So, for years the biotech labs involved in vaccine and gene therapy research have bred countless new retroviruses. But instead of researching their biology and distribution, one researcher intimately involved in this work was discredited and her work totally destroyed. That's a good example for the hubris of psychopaths, because they and their families are equally at risk of being infected and falling ill. Unless they know more than we do and have used this information for more sinister purposes - like subjugating humans to all sorts of debilitating diseases, and possibly population reduction.

Health

Children's sugar diet linked to heart disease


Sweet, White and Deadly - A high sugar (and carb) diet is directly linked to heart disease and a host of other 'modern illnesses'
CHILDREN who have large amounts of sugar in their diet may be at risk of developing high blood pressure and heart disease, a new study reveals.

Researchers looked at the calorie intake of more than 300 children and found those with high-sugar diets were more likely to have higher blood pressure. The report, published in the American Journal of Clinical Nutrition, says the results support a hypothesis that excessive sugar consumption among children "may contribute to the development of poor cardiovascular health before maturity".

The food industry has argued that sugar is not "implicated" in any serious diseases, including diabetes, heart disease and cancer. However, this is just the latest research that suggests sugar may have a specific and adverse metabolic effect on the body over and above the effects of consuming too many calories.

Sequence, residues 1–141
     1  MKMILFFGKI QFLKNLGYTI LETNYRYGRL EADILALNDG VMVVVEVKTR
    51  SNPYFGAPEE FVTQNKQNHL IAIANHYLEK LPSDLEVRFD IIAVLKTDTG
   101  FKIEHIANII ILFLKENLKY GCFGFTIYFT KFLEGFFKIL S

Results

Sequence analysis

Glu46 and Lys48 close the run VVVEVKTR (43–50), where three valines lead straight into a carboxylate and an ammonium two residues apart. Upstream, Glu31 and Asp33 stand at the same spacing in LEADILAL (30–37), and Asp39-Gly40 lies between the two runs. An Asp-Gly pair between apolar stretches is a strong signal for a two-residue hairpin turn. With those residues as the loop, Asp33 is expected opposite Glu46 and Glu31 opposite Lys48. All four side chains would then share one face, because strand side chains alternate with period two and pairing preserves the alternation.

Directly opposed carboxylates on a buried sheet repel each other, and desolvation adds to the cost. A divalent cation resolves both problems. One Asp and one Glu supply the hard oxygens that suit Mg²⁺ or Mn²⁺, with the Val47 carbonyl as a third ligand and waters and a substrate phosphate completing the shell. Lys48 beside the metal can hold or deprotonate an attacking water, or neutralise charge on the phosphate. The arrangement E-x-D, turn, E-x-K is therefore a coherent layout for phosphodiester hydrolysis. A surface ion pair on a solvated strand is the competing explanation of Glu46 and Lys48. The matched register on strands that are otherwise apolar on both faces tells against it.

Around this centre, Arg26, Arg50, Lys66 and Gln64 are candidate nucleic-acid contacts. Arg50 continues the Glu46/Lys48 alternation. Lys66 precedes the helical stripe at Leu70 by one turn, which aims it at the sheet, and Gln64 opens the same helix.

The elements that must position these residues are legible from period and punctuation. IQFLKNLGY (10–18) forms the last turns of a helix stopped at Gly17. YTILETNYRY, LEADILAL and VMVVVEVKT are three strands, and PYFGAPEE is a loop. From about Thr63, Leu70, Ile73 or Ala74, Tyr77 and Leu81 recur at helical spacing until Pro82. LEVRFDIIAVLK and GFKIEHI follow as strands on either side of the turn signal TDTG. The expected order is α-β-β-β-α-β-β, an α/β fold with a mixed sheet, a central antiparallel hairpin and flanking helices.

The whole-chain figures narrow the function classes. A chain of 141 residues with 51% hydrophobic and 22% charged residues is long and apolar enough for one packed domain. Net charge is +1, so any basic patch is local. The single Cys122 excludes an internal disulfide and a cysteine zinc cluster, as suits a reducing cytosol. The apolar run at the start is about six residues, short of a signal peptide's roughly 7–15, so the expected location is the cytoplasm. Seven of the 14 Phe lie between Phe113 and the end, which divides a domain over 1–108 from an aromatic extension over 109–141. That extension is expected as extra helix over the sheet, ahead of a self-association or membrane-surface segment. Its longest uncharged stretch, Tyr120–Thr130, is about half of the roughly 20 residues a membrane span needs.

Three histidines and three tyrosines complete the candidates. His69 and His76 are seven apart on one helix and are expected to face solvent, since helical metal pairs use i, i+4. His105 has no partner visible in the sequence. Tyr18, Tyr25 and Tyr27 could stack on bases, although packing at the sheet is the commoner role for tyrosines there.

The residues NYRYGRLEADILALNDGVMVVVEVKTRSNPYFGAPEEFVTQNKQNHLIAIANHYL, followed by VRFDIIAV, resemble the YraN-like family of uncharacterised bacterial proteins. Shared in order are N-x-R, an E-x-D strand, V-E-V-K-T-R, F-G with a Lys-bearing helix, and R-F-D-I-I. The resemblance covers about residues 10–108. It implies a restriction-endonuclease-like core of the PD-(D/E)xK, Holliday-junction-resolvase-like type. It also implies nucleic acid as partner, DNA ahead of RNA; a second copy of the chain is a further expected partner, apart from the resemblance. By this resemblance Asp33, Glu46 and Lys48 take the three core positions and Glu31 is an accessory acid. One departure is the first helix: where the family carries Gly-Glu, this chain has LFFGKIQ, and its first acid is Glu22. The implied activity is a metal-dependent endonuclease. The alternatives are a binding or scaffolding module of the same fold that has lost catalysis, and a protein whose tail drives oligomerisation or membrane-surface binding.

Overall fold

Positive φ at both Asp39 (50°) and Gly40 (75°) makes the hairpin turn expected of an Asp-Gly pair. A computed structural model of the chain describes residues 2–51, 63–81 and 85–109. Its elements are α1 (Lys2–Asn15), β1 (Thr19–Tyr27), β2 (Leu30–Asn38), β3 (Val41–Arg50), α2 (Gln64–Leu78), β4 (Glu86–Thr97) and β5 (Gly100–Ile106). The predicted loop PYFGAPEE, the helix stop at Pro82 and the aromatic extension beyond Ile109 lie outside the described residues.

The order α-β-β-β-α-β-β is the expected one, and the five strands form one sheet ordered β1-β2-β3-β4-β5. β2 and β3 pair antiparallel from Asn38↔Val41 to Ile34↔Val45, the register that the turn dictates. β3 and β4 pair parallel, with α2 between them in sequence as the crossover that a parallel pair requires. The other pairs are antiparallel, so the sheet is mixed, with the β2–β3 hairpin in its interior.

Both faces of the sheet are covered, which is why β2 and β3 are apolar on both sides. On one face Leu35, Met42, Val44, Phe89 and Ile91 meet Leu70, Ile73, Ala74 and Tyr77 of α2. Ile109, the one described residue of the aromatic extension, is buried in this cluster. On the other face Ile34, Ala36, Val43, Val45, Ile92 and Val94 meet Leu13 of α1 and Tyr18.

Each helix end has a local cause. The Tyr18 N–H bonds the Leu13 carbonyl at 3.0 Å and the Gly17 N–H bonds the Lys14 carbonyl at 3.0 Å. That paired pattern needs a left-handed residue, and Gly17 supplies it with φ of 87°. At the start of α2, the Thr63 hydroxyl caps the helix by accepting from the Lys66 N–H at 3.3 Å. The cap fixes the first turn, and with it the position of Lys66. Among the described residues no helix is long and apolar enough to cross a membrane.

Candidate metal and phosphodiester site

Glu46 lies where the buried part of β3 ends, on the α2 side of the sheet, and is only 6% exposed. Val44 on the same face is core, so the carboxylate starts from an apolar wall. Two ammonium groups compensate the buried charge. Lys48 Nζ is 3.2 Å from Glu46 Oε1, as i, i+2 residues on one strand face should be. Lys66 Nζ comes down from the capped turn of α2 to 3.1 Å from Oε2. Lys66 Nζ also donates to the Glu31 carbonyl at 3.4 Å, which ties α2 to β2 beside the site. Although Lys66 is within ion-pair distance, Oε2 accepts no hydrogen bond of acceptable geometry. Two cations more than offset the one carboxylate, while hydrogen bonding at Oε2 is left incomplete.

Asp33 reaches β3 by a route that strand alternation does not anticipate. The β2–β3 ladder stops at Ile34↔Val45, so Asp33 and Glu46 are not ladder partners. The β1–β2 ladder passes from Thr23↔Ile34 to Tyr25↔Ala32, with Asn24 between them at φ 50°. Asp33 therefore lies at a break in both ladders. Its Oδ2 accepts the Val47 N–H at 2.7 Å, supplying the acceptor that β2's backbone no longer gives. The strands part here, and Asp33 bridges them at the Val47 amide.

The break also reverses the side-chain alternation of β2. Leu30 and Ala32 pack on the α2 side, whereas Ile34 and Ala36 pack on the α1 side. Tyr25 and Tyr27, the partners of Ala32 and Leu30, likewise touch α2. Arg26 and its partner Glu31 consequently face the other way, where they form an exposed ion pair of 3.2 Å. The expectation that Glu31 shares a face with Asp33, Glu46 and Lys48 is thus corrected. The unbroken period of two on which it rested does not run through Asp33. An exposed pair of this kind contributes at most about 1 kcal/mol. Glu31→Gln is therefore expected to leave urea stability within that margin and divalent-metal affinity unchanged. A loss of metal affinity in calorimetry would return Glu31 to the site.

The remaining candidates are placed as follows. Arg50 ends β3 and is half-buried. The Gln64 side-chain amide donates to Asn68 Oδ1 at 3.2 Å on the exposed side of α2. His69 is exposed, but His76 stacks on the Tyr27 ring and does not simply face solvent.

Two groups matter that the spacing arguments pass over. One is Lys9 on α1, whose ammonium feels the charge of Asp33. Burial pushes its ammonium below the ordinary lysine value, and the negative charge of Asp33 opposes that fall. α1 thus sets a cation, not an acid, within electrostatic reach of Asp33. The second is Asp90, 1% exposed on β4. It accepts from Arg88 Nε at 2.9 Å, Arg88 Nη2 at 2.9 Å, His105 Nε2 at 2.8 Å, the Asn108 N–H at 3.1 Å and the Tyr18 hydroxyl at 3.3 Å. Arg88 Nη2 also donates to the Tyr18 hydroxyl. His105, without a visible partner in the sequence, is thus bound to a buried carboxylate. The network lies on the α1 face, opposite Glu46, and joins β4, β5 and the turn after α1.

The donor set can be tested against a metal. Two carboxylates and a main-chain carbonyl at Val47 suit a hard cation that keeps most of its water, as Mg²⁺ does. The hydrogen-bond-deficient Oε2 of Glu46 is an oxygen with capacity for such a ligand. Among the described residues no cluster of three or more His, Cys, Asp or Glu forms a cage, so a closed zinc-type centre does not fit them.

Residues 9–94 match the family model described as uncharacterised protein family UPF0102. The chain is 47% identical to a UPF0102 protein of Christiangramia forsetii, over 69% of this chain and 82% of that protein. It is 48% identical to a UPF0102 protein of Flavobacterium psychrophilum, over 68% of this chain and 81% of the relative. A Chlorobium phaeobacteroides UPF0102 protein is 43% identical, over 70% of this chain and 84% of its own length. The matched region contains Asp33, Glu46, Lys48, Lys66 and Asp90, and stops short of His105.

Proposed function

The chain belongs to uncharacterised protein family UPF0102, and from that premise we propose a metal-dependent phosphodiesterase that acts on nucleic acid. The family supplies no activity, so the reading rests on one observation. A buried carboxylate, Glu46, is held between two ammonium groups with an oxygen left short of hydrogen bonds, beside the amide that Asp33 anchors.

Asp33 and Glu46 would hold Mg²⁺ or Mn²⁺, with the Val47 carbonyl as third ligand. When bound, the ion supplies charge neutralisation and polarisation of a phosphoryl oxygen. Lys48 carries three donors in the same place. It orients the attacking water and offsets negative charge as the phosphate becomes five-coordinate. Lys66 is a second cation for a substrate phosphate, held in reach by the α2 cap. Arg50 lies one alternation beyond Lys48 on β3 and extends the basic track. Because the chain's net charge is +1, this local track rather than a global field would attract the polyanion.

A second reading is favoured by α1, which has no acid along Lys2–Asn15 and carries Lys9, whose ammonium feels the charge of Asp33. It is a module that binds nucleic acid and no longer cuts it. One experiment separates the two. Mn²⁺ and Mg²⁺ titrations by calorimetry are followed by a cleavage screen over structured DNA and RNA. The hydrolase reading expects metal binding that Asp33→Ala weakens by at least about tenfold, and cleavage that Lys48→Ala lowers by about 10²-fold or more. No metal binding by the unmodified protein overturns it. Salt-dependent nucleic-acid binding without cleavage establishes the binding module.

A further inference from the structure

Kenneth Kell, one of the report's authors, said: "Added sugars in our study were associated with risk factors for the development of cardiovascular disease. However, more research is needed to determine causality and physiological mechanisms."
People 2

25 minutes of meditation for 3 consecutive days can reduce stress - study

Meditating can have an almost instant effect on reducing stress, researchers have found.

They say three consecutive days of 25 minute sessions can have a dramatic effect.

Researchers studied 'mindful meditation' - a technique developed in the 1970s, which is even available online via websites such as calm.com

'More and more people report using meditation practices for stress reduction, but we know very little about how much you need to do for stress reduction and health benefits,' said lead author J. David Creswell, associate professor of psychology in the Dietrich College of Humanities and Social Sciences.

For the study, Creswell and his research team had 66 healthy individuals aged 18-30 years old participate in a three-day experiment.

Comment: The Eiriu Eolas breathing and meditation program has had profound rejuvenating effects in its those who practice. For more information visit the Eiriu Eolas website. You can also read about stress-relieving (and healing) experiences from practitioners on our Forum.

Pills

How do statin proponents deal with debate? They stifle it

Last month, one of my blog posts featured a letter written by a group of doctors, expressing their concerns about the mooted expansion of statin therapy. The letter detailed six major objections to the plan, including the mass-medicalization of millions of healthy individuals, the unreliability of the evidence regarding the adverse effects of statins, and the facts that almost all the evidence is industry-funded and that multiple conflicts of interest exist on the 'expert committee' that is adjudicating on the statin issue. The letter received widespread coverage in the press and other media, and I think it did much to stoke the flaming debate that some have described as the 'statin wars'.

Those strongly supportive of the plans to widen statin prescriptions are hardly going to go away without a fight, though. And this week six professors convened a press briefing at the Science Media Centre to put forward their arguments. The briefing was reported in the British Medical Journal this week [1].